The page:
Director: Álvaro Longoria
Running Time: 98 minutes
Release Date: February 26th
In the prologue to her autobiography, In Order to Live, North Korean defector Park Yeon-mi explained briefly how challenging it can be to understand the Hermit Kingdom, owing to its information blockade. Writing, “not only does the government attempt to keep… all foreign media from reaching its people, it also prevents outsiders from learning the truth about North Korea… [It] tries to make itself unknowable. Only those of us who have escaped can describe what really goes on beyond the sealed doors.”
Yet, the problem here is that despite insisting the defectors are the one source of truth, the fact is Park’s track record in giving interviews has damaged her own credibility to a certain extent. In the lead up to the publication of the book, her frequent media appearances when compared were found to be laden with inconsistent descriptions and details, which other defectors were dismissed out of hand. This is not to call her dishonest. Post-traumatic stress may well explain blurred memory and embellishment to raise awareness has been another suggested reason behind any alleged exaggerations. However, interestingly enough, she is not the sole defector to come under such criticism. Former citizens such as Shin Dong-hyuk, Lee Soon-ok, and Kwon Hyuk have also been proven, or freely admitted to manipulating specific, often crucial details of their own experiences.
Therefore, if one cannot be sure of the validity of a defectors account, then where else can one turn? Most would assume the western media to be an answer. Unfortunately though, most platforms outside the control of the Kim dynasty are often too preoccupied with sensationalist news stories (For example: ‘Unicorn lair “discovered” in North Korea’, The Guardian, November 30th 2012) to even question whether, or not they are receiving information from a reliable source.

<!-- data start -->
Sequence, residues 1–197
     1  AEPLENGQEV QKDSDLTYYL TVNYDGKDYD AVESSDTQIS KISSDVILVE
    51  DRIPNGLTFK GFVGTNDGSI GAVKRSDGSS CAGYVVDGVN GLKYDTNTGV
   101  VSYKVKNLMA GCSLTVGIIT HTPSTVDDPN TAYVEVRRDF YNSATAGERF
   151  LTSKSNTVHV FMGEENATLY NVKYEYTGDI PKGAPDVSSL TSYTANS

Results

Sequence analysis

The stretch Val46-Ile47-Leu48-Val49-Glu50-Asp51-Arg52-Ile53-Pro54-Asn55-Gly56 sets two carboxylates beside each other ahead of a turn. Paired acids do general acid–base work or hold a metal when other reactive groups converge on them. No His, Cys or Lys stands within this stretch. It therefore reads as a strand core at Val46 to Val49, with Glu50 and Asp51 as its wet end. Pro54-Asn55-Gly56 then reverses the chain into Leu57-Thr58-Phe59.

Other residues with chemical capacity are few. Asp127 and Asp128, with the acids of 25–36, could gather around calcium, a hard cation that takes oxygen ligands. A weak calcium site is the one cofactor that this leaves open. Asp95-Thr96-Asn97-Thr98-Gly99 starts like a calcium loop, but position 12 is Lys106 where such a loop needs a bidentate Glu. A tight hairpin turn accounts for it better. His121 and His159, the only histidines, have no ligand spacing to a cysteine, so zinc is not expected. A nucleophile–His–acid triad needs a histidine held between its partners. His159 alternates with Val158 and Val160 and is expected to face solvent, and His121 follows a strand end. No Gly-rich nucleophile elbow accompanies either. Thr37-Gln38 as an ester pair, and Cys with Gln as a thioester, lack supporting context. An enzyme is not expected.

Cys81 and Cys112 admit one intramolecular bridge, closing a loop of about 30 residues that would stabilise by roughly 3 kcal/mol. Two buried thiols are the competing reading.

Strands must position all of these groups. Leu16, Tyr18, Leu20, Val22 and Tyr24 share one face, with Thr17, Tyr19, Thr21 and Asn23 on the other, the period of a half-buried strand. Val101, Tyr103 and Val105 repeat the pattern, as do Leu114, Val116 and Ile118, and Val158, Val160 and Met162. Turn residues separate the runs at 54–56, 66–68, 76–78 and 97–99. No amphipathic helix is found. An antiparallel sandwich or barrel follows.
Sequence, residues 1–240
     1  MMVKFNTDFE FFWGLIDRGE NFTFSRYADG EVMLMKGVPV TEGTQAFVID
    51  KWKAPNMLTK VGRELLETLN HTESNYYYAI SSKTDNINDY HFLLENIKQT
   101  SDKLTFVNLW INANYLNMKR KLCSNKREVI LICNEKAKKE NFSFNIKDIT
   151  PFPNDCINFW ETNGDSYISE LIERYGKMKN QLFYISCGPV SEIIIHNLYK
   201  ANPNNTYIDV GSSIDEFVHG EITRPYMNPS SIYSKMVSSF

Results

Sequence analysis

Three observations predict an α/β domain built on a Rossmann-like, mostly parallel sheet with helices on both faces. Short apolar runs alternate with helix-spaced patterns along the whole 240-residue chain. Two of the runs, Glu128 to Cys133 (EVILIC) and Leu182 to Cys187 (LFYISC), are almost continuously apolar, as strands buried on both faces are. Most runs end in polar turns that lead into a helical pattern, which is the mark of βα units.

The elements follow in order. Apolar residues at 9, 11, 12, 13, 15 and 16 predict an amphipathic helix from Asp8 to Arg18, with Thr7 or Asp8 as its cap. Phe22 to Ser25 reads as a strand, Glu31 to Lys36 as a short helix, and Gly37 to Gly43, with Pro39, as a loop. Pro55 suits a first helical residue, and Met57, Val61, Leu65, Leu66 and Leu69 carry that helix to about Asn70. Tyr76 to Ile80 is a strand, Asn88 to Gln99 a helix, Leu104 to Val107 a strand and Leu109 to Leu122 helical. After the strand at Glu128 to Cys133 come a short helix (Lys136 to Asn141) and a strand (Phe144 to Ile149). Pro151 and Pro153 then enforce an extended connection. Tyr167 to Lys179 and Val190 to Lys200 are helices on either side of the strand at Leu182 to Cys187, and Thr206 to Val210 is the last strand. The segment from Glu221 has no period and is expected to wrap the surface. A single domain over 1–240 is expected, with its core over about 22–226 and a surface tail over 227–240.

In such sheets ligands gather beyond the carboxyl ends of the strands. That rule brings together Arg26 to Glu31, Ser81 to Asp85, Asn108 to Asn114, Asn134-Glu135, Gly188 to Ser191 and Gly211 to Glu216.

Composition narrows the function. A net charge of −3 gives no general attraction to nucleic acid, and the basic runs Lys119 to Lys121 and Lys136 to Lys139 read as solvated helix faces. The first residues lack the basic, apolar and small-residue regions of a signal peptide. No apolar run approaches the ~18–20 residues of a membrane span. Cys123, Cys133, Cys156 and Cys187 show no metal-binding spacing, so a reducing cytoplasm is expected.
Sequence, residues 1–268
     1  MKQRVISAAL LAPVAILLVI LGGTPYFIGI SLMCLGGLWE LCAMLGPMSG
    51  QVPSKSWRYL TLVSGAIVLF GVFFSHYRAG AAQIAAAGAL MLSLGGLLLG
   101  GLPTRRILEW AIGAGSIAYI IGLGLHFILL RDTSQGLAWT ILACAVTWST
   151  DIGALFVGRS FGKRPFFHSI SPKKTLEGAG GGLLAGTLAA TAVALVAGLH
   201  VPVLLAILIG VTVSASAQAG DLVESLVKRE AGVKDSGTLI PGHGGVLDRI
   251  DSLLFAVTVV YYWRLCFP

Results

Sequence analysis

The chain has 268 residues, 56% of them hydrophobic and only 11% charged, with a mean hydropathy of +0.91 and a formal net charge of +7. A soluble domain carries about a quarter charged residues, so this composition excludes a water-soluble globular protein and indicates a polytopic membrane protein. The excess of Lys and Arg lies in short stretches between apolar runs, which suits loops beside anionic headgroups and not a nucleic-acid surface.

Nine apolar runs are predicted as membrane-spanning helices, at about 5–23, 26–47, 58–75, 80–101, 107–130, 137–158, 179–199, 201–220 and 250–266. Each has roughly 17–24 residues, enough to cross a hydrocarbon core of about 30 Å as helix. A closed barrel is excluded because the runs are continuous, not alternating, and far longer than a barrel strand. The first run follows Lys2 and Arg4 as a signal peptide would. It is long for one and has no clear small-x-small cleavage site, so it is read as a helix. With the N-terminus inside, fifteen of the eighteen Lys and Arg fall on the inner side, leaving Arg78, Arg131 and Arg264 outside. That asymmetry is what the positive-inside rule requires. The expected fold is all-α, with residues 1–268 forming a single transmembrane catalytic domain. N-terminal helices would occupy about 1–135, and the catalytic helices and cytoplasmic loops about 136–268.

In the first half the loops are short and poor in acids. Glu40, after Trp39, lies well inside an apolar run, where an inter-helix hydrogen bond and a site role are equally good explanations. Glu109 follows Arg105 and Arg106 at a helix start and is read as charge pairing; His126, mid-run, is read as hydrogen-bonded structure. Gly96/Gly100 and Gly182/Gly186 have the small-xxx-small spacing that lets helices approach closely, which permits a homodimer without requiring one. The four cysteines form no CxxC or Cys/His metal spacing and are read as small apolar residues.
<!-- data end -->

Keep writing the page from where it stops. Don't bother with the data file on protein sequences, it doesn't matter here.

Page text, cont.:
Pretty quickly, you realise, there is virtually no way of getting an actual image of this place. The only logical step then, is to actually acquire a plane ticket, and enter the state yourself in order to extract something that comes close to resembling the truth, bearing in mind you may be touring a Potemkin city. But then again, who is saying this, what is their agenda, and how do they know this to be true?
Hardly a popular theory, this one: there is always a minute chance that North Korea, as the final rickety pillar standing on the Communist side of the Cold War, is actually a fine place for most, but due to its ideological slant, is hence depicted as a state of total depravity. You can laugh this notion off, but can you prove otherwise? This frustrating debate is precisely what filmmaker Álvaro Longoria sought to solve in his documentary, The Propaganda Game, a work which challenges perceptions, by dissecting the totalitarian state, while also critiquing our certainties about this peculiar, and dangerous hidden nation.
In essence, he wants us to seriously question the facts we have been handed concerning the Democratic People’s Republic of Korea. Do we believe that around every street corner is a starving child, or an adult being stamped into the ground by a police officer, or do people actually inhabit this land with some degree of normality?